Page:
“Finding out what makes family doctors carry out PSA tests is an important step in this process. Cutting the number of unnecessary PSA tests carried out by family doctors will lead to more effective referrals and this will play a key role in reducing hospital waiting lists so that urgent cases receive the priority they deserve.”
BJU International’s editor Professor John Fitzpatrick, from University College Dublin, Ireland, says that that the paper makes an important contribution to the ongoing debate on PSA screening. "This is an excellent study which looks scientifically at the problems that may develop in the UK with the increase in PSA screening" he says.
Annette Whibley | alfa
Biofilm discovery suggests new way to prevent dangerous infections
23.05.2017 | University of Texas at Austin
Another reason to exercise: Burning bone fat -- a key to better bone health
19.05.2017 | University of North Carolina Health Care
Physicists from the University of Würzburg are capable of generating identical looking single light particles at the push of a button. Two new studies now demonstrate the potential this method holds.
The quantum computer has fuelled the imagination of scientists for decades: It is based on fundamentally different phenomena than a conventional computer....
An international team of physicists has monitored the scattering behaviour of electrons in a non-conducting material in real-time. Their insights could be beneficial for radiotherapy.
We can refer to electrons in non-conducting materials as ‘sluggish’. Typically, they remain fixed in a location, deep inside an atomic composite. It is hence...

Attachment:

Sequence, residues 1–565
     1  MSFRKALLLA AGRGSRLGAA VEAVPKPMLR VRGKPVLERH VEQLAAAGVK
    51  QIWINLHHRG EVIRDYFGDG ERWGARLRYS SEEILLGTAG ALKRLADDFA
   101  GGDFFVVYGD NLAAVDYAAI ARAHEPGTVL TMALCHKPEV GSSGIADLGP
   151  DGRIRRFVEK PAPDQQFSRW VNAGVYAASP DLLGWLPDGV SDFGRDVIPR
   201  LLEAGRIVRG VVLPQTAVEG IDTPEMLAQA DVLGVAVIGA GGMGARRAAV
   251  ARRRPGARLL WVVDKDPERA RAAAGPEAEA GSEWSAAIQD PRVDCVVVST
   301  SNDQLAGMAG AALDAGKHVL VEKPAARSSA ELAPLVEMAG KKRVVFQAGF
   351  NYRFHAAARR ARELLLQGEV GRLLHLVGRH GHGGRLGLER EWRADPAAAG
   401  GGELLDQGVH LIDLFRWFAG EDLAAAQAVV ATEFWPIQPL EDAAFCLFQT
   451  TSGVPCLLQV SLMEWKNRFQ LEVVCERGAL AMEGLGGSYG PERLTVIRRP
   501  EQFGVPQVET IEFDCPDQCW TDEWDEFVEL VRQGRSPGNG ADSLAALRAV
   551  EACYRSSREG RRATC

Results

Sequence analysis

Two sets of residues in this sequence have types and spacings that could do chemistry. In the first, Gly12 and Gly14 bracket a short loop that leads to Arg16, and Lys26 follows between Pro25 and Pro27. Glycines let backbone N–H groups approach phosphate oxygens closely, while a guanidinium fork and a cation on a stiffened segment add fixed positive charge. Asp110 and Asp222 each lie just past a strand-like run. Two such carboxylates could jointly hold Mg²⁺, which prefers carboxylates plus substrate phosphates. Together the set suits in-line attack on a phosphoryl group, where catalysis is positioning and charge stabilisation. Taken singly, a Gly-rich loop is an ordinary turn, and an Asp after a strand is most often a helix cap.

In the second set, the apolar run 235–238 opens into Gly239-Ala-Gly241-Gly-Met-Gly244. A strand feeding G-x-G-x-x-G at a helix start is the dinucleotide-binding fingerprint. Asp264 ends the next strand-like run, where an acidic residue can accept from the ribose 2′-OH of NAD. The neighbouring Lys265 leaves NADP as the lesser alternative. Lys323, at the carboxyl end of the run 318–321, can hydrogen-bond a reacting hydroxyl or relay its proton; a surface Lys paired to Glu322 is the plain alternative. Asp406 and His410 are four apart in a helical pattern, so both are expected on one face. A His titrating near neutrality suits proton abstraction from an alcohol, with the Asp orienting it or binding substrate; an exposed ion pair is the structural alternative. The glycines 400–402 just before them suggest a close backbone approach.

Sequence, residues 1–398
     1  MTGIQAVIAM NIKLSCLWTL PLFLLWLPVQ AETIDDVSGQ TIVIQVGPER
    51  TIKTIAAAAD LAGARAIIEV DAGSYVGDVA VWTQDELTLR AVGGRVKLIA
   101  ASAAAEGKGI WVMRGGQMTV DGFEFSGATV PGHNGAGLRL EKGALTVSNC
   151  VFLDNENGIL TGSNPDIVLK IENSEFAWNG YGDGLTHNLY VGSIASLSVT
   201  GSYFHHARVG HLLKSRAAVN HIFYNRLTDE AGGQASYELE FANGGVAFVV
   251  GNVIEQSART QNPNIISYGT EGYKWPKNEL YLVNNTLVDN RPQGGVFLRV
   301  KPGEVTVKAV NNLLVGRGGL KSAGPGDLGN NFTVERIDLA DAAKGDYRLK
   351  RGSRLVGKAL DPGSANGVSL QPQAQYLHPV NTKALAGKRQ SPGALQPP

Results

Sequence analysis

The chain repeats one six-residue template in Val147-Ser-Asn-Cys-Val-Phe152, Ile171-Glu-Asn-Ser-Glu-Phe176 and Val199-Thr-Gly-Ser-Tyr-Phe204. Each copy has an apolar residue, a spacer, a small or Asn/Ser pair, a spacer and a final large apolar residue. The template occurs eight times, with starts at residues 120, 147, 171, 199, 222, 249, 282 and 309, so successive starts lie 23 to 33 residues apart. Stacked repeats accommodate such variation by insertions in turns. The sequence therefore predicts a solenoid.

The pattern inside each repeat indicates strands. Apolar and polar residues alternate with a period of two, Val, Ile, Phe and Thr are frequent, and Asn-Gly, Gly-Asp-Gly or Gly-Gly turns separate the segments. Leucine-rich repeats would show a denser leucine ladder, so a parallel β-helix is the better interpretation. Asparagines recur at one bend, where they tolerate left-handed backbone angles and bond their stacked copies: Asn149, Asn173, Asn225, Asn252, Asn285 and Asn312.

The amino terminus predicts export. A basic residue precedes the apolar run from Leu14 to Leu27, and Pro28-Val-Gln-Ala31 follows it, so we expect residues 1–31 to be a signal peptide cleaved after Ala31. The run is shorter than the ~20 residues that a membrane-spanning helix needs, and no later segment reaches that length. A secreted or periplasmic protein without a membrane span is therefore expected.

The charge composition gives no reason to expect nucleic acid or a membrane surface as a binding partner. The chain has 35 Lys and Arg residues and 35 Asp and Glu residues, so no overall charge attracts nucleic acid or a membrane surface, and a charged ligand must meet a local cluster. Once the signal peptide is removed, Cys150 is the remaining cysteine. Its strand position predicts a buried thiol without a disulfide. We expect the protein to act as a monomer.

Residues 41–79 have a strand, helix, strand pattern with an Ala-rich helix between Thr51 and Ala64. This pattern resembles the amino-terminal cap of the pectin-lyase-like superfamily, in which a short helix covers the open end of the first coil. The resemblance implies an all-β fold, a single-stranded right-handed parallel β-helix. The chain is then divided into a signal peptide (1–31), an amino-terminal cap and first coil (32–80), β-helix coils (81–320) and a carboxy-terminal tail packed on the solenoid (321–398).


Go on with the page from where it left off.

Two-dimensional magnetic structures are regarded as a promising material for new types of data storage, since the magnetic properties of individual molecular building blocks can be investigated and modified. For the first time, researchers have now produced a wafer-thin ferrimagnet, in which molecules with different magnetic centers arrange themselves on a gold surface to form a checkerboard pattern. Scientists at the Swiss Nanoscience Institute at the University of Basel and the Paul Scherrer Institute published their findings in the journal Nature Communications.
Ferrimagnets are composed of two centers which are magnetized at different strengths and point in opposing directions. Two-dimensional, quasi-flat ferrimagnets...
An Australian-Chinese research team has created the world's thinnest hologram, paving the way towards the integration of 3D holography into everyday...
In the race to produce a quantum computer, a number of projects are seeking a way to create quantum bits -- or qubits -- that are stable, meaning they are not much affected by changes in their environment. This normally needs highly nonlinear non-dissipative elements capable of functioning at very low temperatures.
In pursuit of this goal, researchers at EPFL's Laboratory of Photonics and Quantum Measurements LPQM (STI/SB), have investigated a nonlinear graphene-based...
24.05.2017 | Event News
23.05.2017 | Event News
22.05.2017 | Event News
24.05.2017 | Physics and Astronomy
24.05.2017 | Physics and Astronomy
24.05.2017 | Event News